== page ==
Now let me tell you another story. This one is about two guys who became best friends while working for an iconic public figure. One guy falls in love with the boss’ daughter and ends up marrying her. (favorite note within this story is that when the guy knocked on the boss’ door to ask for her hand in marriage, the boss – not knowing what was coming – replied gruffly, that this better be important!). Then the time comes where the guy has to choose which way his career will go…will he leave to work with his best friend or will he stay and work for his father-in-law? This is where having grace under pressure is pretty important. He, Scott Pioli, went to work with his best friend, Bill Belichek, in New England and had to tell his father-in-law, Bill Parcells, that he quit.
So what about some of the other areas I talked about earlier? How about family? The Pioli’s have a young daughter that Scott absolutely adores. She has her own locker in his office. She gets his ear whenever she needs it. And rain or shine, win or loss, regular season or playoffs, after every game she goes down on the field at Arrowhead stadium and gets to play catch with her daddy for as long as she wants. After the 2010 playoff loss, Scott was visibly upset in his box and everyone could tell that he did not want any consolation or really much of any conversation. But what brought him back and gave him perspective was heading down onto the field with his daughter. That’s non-negotiable and arguably the highlight of game day.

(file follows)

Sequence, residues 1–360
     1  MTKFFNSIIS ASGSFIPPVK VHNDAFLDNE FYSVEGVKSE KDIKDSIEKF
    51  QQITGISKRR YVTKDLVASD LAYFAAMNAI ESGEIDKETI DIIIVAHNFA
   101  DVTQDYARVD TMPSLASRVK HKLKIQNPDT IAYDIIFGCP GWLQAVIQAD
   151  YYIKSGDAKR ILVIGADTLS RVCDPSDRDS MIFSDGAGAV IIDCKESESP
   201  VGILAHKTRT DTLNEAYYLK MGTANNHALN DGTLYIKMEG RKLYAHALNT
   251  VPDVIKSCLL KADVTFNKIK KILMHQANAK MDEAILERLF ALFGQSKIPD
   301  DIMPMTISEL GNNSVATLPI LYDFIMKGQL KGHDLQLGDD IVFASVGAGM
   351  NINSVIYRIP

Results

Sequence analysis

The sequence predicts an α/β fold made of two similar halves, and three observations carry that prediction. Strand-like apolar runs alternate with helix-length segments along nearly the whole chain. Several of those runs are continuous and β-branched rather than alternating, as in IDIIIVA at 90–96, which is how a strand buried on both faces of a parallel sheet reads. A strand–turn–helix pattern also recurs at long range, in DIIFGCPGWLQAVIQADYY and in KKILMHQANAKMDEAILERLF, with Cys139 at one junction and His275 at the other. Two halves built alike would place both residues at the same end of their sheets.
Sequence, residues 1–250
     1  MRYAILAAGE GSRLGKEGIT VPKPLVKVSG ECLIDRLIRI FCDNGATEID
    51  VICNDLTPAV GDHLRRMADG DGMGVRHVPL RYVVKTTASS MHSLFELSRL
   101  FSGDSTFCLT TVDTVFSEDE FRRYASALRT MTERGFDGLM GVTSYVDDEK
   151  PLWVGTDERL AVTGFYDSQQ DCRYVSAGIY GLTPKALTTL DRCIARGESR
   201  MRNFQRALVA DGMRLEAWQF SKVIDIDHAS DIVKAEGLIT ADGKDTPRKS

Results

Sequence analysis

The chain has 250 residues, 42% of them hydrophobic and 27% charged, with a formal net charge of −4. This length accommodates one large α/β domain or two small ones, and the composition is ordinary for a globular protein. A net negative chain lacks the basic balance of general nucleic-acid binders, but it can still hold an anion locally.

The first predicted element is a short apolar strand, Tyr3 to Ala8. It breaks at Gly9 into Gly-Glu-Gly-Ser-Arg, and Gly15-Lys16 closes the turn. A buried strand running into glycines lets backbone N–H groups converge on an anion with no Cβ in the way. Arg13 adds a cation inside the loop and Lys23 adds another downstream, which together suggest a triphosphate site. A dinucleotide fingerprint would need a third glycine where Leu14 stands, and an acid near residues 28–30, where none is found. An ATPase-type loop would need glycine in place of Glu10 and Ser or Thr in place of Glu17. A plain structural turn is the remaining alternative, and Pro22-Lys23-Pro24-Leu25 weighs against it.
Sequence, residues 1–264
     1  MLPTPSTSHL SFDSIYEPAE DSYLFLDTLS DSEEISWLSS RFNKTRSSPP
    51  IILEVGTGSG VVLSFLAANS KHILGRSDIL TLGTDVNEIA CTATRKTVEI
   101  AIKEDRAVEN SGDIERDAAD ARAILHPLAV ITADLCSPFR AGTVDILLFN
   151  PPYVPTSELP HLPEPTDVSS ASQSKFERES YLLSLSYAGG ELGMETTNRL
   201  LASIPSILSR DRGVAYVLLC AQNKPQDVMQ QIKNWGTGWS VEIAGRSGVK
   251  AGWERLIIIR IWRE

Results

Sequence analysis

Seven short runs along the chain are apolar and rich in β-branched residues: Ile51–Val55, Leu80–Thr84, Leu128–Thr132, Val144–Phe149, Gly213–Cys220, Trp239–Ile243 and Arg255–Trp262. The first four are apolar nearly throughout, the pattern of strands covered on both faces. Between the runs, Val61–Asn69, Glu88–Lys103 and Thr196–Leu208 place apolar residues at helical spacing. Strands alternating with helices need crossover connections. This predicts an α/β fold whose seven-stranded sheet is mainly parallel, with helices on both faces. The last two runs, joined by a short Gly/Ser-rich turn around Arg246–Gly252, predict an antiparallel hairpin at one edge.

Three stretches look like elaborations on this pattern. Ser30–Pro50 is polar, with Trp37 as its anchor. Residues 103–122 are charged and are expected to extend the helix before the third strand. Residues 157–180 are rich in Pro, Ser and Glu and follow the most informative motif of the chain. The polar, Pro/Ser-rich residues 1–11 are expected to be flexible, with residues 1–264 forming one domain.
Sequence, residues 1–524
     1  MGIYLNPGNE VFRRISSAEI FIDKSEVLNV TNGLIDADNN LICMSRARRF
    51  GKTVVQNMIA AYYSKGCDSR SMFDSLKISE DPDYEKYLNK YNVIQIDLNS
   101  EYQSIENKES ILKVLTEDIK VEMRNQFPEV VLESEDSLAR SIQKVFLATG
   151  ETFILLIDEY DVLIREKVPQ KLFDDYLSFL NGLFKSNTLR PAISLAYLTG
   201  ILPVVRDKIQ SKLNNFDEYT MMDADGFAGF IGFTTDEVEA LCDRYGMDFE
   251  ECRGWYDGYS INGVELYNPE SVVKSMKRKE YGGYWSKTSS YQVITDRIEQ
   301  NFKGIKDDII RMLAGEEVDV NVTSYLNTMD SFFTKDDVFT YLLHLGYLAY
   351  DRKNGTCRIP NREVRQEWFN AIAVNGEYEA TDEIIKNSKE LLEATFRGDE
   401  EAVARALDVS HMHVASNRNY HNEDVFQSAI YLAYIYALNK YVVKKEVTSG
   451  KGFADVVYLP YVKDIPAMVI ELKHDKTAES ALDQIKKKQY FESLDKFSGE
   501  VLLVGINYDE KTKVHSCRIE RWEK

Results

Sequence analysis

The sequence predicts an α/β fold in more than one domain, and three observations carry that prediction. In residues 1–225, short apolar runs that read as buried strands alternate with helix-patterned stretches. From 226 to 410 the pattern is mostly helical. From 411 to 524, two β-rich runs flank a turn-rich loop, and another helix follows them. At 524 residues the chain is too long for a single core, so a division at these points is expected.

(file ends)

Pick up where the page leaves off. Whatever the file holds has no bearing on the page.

So I’ve established that he’s probably a great friend, but fans only want on-field results. So what has happened in his tenure? Well leading up to Pioli coming on, the Chiefs had been ABYSMAL in drafts for a decade with only 2008 as an exception (and that year they had 12 draft picks so their odds were REALLY good for finding some players). Being hired in 2009 only a couple of months before the draft, he couldn’t install his scouting & evaluation system , or have his personnel overhauls in place for that draft. And to be honest, it showed. In truth, the biggest impact player from that draft class was Mr. Irrelevant (the last pick in the draft) Ryan Succop. So then in the past 2 years let’s look at the drafts. The Chiefs have had 15 picks in these two seasons and have picked up 7 or 8 important pieces of the current team. That basically means that half of the players drafted in those two years have been impact players when in 8 of the 9 drafts leading up to his tenure there were never more than 2 impact players drafted and many years there was just 1. And we haven’t had to let good players go just because of the GM’s personality at all (the Hali re-signing as opposed to Jon Tait & Jared Allen). (And don’t get me started on how Jared Allen was the greatest accidental draft steal ever. I mean, Carl Peterson was so cheap he didn’t want to pay his long-snapper the veteran minimum so his number one plan for Allen was to make him the long snapper and just a backup defensive end!). So I would say that in the draft room there isn’t too much room for criticism of the impact of Scott Pioli.